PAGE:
A Low Cost Tester of Glaze Melt FluidityA One-speed Lab or Studio Slurry MixerA Textbook Cone 6 Matte Glaze With ProblemsAdjusting Glaze Expansion by Calculation to Solve ShiveringAlberta Slip, 20 Years of Substitution for Albany SlipAn Overview of Ceramic StainsAre You in Control of Your Production Process?Are Your Glazes Food Safe or are They Leachable?Attack on Glass: Corrosion Attack MechanismsBall Milling Glazes, Bodies, EngobesBinders for Ceramic BodiesBringing Out the Big Guns in Craze Control: MgO (G1215U)Ceramic Glazes TodayCeramic Material NomenclatureCeramic Tile Clay Body FormulationChanging Our View of GlazesChemistry vs. Matrix Blending to Create Glazes from Native MaterialsConcentrate on One Good GlazeCone 6 Floating Blue Glaze RecipeCopper Red GlazesCrazing and Bacteria: Is There a Hazard?Crazing in Stoneware Glazes: Treating the Causes, Not the SymptomsCreating a Non-Glaze Ceramic Slip or EngobeCreating Your Own Budget GlazeCrystal Glazes: Understanding the Process and MaterialsDeflocculants: A Detailed OverviewDemonstrating Glaze Fit Issues to StudentsDiagnosing a Casting Problem at a Sanitaryware PlantDrying Ceramics Without CracksDuplicating Albany SlipDuplicating AP Green FireclayElectric Hobby Kilns: What You Need to KnowFighting the Glaze DragonFiring Clay Test BarsFiring: What Happens to Ceramic Ware in a Firing KilnFirst You See It Then You Don't: Raku Glaze StabilityFixing a glaze that does not stay in suspensionFormulating a body using clays native to your areaFormulating a Clear Glaze Compatible with Chrome-Tin StainsFormulating a PorcelainFormulating Ash and Native-Material GlazesG1214M Cone 5-7 20x5 Glossy Base GlazeG1214W Cone 6 Transparent Base GlazeG1214Z Cone 6 Matte Base GlazeG1916M Cone 06-04 Base GlazeG1947U/G2571A Cone 10/10R Base Matte/Glossy GlazesGetting the Glaze Color You Want: Working With StainsGlaze and Body Pigments and Stains in the Ceramic Tile IndustryGlaze Chemistry Basics - Formula, Analysis, Mole%, Unity, LOIGlaze chemistry using a frit of approximate analysisGlaze Recipes: Formulate Your Own InsteadGlaze Types, Formulation and Application in the Tile IndustryHaving Your Glaze Tested for Toxic Metal ReleaseHigh Gloss GlazesHow a Material Chemical Analysis is DoneHow desktop INSIGHT Deals With Unity, LOI and Formula WeightHow to Find and Test Your Own Native ClaysHow to Liner-Glaze a MugI've Always Done It This Way!Inkjet Decoration of Ceramic TilesIs Your Fired Ware Safe?Leaching Cone 6 Glaze Case StudyLimit Formulas and Target FormulasLow Budget Testing of the Raw and Fired Properties of a GlazeLow Fire White Talc Casting Body RecipeMake Your Own Ball Mill StandMaking Glaze Testing ConesMonoporosa or Single Fired Wall TilesOrganic Matter in Clays: Detailed OverviewOutdoor Weather Resistant CeramicsOverview of Paper ClayPainting Glazes Rather Than Dipping or SprayingParticle Size Distribution of Ceramic PowdersPorcelain Tile, Vitrified or Granito TileRationalizing Conflicting Opinions About PlasticityRavenscrag Slip is BornRecylcing Scrap ClayReducing the Firing Temperature of a Glaze From Cone 10 to 6Simple Physical Testing of ClaysSingle Fire GlazingSoluble Salts in Minerals: Detailed OverviewSome Keys to Dealing With Firing CracksStoneware Casting Body RecipesSubstituting Cornwall StoneSuper-Refined Terra SigillataThe Chemistry, Physics and Manufacturing of Glaze FritsThe Effect of Glaze Fit on Fired Ware StrengthThe Four Levels on Which to View Ceramic GlazesThe Majolica Earthenware ProcessThe Potter's PrayerThe Right Chemistry for a Cone 6 MgO MatteThe Trials of Being the Only Technical Person in the ClubThe Whining Stops Here: A Realistic Look at Clay BodiesThose Unlabelled Bags and BucketsTiles and Mosaics for PottersToxicity of Firebricks Used in OvensTrafficking in Glaze RecipesUnderstanding Ceramic MaterialsUnderstanding Ceramic OxidesUnderstanding Glaze Slurry PropertiesUnderstanding the Deflocculation Process in Slip CastingUnderstanding the Terra Cotta Slip Casting Recipes In North AmericaUnderstanding Thermal Expansion in Ceramic GlazesUnwanted Crystallization in a Cone 6 GlazeVolcanic AshWhat Determines a Glaze's Firing Temperature?What is a Mole, Checking Out the MoleWhat is the Glaze Dragon?Where do I start in understanding glazes?Why Textbook Glazes Are So Difficult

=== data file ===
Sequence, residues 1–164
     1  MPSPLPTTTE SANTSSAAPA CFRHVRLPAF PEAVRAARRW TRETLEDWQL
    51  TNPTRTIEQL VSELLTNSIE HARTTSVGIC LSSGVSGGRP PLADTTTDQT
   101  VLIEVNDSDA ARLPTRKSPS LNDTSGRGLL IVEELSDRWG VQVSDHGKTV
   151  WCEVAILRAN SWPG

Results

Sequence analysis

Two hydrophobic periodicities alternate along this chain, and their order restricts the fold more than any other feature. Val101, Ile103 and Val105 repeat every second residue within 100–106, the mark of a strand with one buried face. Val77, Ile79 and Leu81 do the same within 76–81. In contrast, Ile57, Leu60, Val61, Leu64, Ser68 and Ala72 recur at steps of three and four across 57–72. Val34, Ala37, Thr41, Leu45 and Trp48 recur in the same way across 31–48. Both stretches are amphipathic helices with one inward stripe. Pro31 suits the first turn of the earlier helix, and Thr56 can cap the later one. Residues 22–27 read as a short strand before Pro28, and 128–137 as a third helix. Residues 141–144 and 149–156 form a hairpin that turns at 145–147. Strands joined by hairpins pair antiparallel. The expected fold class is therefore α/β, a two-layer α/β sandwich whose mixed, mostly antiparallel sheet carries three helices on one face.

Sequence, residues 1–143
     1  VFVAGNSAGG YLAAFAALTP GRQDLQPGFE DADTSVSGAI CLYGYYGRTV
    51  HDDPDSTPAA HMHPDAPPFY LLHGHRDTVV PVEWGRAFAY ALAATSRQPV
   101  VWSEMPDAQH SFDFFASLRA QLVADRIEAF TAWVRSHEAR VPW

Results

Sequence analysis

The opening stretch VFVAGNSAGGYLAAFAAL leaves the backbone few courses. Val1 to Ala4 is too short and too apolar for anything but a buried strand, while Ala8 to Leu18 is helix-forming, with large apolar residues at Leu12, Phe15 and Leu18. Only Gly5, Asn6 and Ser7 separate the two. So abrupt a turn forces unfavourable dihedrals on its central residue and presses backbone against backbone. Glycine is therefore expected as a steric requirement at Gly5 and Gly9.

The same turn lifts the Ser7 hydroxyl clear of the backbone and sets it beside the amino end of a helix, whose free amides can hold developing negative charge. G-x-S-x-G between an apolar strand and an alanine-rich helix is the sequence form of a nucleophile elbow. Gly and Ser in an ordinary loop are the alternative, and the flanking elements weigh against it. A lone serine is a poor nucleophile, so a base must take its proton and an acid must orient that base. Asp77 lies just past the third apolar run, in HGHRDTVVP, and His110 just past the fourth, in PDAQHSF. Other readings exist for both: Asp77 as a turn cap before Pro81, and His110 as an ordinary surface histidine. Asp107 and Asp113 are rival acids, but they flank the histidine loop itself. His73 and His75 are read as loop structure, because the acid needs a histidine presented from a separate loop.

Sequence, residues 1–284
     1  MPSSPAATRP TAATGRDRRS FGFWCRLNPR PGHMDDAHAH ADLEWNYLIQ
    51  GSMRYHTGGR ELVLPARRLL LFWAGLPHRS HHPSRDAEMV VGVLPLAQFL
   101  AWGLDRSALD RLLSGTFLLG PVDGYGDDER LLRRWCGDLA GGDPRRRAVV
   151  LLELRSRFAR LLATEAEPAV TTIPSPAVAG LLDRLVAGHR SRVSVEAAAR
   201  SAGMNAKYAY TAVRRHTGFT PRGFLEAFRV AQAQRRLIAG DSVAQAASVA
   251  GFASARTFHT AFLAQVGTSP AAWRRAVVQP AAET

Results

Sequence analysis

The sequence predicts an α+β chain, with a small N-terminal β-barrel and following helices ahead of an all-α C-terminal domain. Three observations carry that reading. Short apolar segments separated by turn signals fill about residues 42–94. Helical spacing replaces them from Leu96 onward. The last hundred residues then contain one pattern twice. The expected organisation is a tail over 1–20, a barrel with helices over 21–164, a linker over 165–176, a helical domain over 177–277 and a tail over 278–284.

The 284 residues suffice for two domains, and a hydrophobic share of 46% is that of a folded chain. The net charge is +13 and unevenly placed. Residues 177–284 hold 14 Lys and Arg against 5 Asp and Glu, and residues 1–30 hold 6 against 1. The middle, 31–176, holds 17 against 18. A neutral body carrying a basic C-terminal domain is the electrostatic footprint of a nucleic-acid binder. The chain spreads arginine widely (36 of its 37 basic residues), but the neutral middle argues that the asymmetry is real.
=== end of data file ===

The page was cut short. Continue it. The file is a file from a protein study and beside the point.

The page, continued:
Painting Glazes Rather Than Dipping or Spraying